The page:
Natural gas, on compression, will also condense out heavier alkanes than methane as liquids (liquified petroleum gases, L.P.G.), and these are a useful source of propanes and butanes for polymers. In a modern refinery, unused "cuts" or fractions can be cycled to cracking units, which heat the material above 230oC at different pressures. Cracking may be done in the presence (catalytic cracking) or absence (thermal cracking) of a catalyst or in the presence of water (steam cracking). The reactions occurring in a cracking process are complex. Most, but not all, convert more complex hydrocarbons to simpler ones of lower boiling point with loss of hydrogen gas. Among them are 2CH4 --> HC=CH + 6H2, producing ethyne, and the production of ethene from ethane, C2H6 --> H2C=CH2 + H2.
Propane also can be cracked to ethene, C3H8(g) --> H2C=CH2 + CH4, or to propene, C3H8(g) --> H2C=CHCH3 + H2.
Heavier fractions of oil are cracked to gasoline. Propene, CH3-CH=CH2, arises as a byproduct of the cracking process which yields ethene or is a byproduct of gases liberated elsewhere in the refinery. Ethane, propane, and butane obtained from natural gas are cracked to ethene and propene in the same manner. Butenes and butadiene, produced in smaller quantities, are used in the production of synthetic rubber.


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回复: Organic Industrial Chemistry

帖子 由 Giraffe 于 周五 七月 23, 2010 12:55 pm

Petrochemicals: Introduction and Aliphatic Compounds

The petrochemicals industry is broadly defined as that industrial activity which uses petroleum or natural gas as a source of raw materials and whose products are neither fuels nor fertilizer. The petrochemical industry begins with oil refineries or extracting plants built to remove ethane and higher hydrocarbons from natural gas streams; sometimes methane itself is used as a source material or feedstock. The industry is so varied that analysis by specific compound or class of compound is the most effective method of presentation.
Present world data on production of organic industrial compounds is not easily obtainable. The Table below gives production figures for the United States for the fifteen organic chemicals produced in greatest quantity. This list excludes fuels, such as methane, ethane, propane, and butane, and also gasoline which includes aromatic compounds (toluene, xylene, etc) to raise its octane rating. Only the major sources are given; reference to another compound included in the Table is indicated by an asterisk.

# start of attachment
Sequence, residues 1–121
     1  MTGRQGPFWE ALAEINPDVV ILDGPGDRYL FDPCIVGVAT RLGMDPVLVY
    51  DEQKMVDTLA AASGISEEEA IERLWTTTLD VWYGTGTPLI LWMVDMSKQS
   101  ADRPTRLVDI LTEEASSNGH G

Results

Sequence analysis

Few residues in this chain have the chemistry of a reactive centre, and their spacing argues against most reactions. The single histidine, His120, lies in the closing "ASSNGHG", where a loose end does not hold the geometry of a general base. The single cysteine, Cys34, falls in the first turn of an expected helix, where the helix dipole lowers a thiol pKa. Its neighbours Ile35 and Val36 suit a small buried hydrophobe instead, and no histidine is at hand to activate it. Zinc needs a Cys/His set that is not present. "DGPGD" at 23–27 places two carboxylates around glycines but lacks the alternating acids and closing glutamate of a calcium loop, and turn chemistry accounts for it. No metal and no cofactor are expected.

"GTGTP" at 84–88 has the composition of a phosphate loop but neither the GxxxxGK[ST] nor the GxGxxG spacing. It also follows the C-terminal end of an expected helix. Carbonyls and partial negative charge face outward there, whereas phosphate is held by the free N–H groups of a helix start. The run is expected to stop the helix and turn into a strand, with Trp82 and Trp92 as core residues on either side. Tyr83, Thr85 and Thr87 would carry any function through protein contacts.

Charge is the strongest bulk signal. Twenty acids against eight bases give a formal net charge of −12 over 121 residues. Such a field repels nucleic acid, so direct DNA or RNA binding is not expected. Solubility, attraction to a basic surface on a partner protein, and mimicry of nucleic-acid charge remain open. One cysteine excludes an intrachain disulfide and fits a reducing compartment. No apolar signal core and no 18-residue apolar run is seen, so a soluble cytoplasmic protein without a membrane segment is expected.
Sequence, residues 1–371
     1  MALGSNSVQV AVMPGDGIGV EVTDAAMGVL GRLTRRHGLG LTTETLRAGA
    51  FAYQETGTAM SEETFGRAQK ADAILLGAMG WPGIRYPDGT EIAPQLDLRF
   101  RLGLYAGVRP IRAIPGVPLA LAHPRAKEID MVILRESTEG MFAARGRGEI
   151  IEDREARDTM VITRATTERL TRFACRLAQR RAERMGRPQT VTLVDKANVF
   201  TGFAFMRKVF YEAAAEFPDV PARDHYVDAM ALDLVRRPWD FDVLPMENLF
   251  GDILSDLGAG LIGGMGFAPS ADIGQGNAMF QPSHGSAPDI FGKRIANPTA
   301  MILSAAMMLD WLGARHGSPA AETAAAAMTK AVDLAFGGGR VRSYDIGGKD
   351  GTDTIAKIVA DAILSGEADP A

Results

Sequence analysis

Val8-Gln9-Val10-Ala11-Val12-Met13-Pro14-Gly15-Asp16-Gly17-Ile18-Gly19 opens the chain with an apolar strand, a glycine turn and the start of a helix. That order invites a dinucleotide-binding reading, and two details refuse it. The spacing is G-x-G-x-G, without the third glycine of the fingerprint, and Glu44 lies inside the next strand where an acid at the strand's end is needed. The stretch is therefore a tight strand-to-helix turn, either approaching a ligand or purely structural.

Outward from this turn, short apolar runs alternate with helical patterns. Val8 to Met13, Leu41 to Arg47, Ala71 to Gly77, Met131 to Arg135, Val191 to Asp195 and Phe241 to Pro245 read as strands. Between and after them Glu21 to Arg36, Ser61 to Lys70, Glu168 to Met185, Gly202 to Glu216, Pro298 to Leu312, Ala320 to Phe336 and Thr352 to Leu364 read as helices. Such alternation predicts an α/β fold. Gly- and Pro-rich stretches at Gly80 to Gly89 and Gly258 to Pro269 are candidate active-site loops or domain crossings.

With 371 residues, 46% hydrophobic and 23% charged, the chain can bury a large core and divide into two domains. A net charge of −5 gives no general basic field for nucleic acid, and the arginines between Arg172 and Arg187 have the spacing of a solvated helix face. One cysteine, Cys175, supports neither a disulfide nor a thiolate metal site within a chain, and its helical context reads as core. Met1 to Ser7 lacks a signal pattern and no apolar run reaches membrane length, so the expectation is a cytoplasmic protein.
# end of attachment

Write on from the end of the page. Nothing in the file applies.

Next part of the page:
Methane is obtained from natural gas, from oil refinery processes, or as a byproduct in other processes. Its major non-petrochemical use is in the production of hydrogen for use in the Haber synthesis of ammonia. Ammonia synthesis requires nitrogen, obtained from air, and hydrogen. The most common modern source of the hydrogen consumed in ammonia production, about 95% of it, is methane. Methane undergoes two useful reactions at 90oC in the presence of Fe3O4 as a catalyst: CH4 + H2O --> CO + 3H2 and CO + H2O --> CO2 + H2.
Alternatively, partial combustion of methane can be used to provide the required heat and steam. The carbon dioxide produced then reacts with methane at 900oC in the presence of a nickel catalyst: CH4 + 2O2 --> CO2 + 2H2O and CO2 + CH4 --> 2CO + 2H2, as does the water: CH4 + H2O --> CO + 3H2.

Methanol, CH3OH, is the second major product produced from methane. Synthetic methanol has virtually completely replaced methanol obtained from the distillation of wood, its original source material. One of the older trivial names used for methanol was wood alcohol. The synthesis reaction takes place at 350oC and 300 atm in the presence of ZnO as a catalyst: 2CH4 + O2 --> 2CH3OH.

Most of the methanol is then oxidized by oxygen from air to methanal, which is more commonly known as formaldehyde: 2CH3OH + O2 --> 2CH2O + 2H2O. Formaldehyde is used to form synthetic resins either alone or with phenol, urea, or melamine; other uses are minor.

Methane yields four compounds upon chlorination in the presence of heat or light: CH4 + Cl2 --> CH3Cl, CH2Cl2, CHCl3, CCl4. These compounds, known as chloromethane or methyl chloride, dichloromethane or methylene chloride, trichloromethane or chloroform, and tetrachloromethane or carbon tetrachloride, are used as solvents or in the production of chlorinated materials.

Methane reacts with sulfur in the presence of a catalyst to give the carbon disulfide used in the rayon industry: CH4 + 4S(g) --> CS2 + 2H2S. We will refer to this again in a following section.